The research will identify, isolate and collect marine biomolecules that could bring medical benefits in the future. Their research will be showcased at a free, public event at the Sea Life Centre, Brighton on Thursday 27 February.
Biocare Marine is part-funded by the Interreg IVA 2 Seas Programme which supports economic and social cohesion projects throughout the EU. Bringing medical and economic benefits are the aims but protecting the marine environment will be an important part of the research. The Biocare Marine consortium brings together the University of Brighton, University of Gent (Belgium), Ifremer (France) and Polymaris (France).
Lead scientist Dr Iain Allan, Senior Research Fellow at the University of Brighton's School of Pharmacy and Biomolecular Sciences, said: "Marine creatures have to compete for space and resources in order to survive. Marine bacteria, like those from other environments, try to out-compete their neighbours using a number of tactics, including the use of what are essentially chemical weapons - some of which we know as antibiotics. Biocare Marine is trying to find new antimicrobial agents that are naturally produced by marine bacteria. This comes at a time when many disease-causing bacteria are developing resistance to the current generation of antibiotics.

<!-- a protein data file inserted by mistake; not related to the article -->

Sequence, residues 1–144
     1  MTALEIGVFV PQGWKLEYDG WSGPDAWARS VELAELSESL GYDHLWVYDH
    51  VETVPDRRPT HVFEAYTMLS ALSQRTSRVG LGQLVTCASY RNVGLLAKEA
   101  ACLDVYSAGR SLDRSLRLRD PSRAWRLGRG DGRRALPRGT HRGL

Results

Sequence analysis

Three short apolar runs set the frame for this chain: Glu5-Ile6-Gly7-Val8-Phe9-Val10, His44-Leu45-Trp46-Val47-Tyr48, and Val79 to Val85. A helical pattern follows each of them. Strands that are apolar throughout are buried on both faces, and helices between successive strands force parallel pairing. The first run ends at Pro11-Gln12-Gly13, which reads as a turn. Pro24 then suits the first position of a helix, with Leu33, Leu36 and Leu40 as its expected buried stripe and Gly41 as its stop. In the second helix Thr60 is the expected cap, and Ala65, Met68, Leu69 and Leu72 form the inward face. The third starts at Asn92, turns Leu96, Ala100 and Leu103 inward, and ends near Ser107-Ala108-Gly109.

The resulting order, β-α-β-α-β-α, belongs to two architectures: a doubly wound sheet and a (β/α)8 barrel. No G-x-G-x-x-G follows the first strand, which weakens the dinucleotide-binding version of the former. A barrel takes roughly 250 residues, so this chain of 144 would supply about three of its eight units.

"We are also using marine-derived polymers to construct biomaterials that can be used as the structural components of tissue regeneration matrices. We are aiming to improve on current materials and be more economical. This work could have benefits for the fishing industry through added value of waste materials, such as fish scales and bones, the derivatives of which form the basis of some of our biomaterials."
Dr Cressida Bowyer, a researcher on the project, said: "We are looking to nature to provide solutions to scientific problems. For example, marine bacteria have evolved coatings to bind toxic heavy metals which would otherwise penetrate and poison them. We are attempting to exploit this defence mechanism by synthesising filtration matrices that are coated with these bacterial polymers. We could then use them to purify fluids that have been contaminated with these toxic metals."
Guest speaker will be Professor Anthony Metcalfe, Professor of Burns and Wounds at the University of Brighton and Director of Research at the Blond McIndoe Research Foundation, and there will be music from former Marillion front man, and successful solo artist Fish, who has a keen interest in marine science.